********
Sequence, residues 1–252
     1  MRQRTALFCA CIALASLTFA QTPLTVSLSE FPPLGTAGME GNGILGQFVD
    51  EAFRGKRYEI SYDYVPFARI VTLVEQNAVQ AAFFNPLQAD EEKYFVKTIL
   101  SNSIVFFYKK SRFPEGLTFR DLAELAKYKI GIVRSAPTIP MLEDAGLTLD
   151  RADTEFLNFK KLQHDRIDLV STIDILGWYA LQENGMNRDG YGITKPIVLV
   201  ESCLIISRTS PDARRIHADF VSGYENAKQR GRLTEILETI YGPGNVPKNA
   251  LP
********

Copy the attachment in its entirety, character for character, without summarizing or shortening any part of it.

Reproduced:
Sequence, residues 1–252
     1  MRQRTALFCA CIALASLTFA QTPLTVSLSE FPPLGTAGME GNGILGQFVD
    51  EAFRGKRYEI SYDYVPFARI VTLVEQNAVQ AAFFNPLQAD EEKYFVKTIL
   101  SNSIVFFYKK SRFPEGLTFR DLAELAKYKI GIVRSAPTIP MLEDAGLTLD
   151  RADTEFLNFK KLQHDRIDLV STIDILGWYA LQENGMNRDG YGITKPIVLV
   201  ESCLIISRTS PDARRIHADF VSGYENAKQR GRLTEILETI YGPGNVPKNA
   251  LP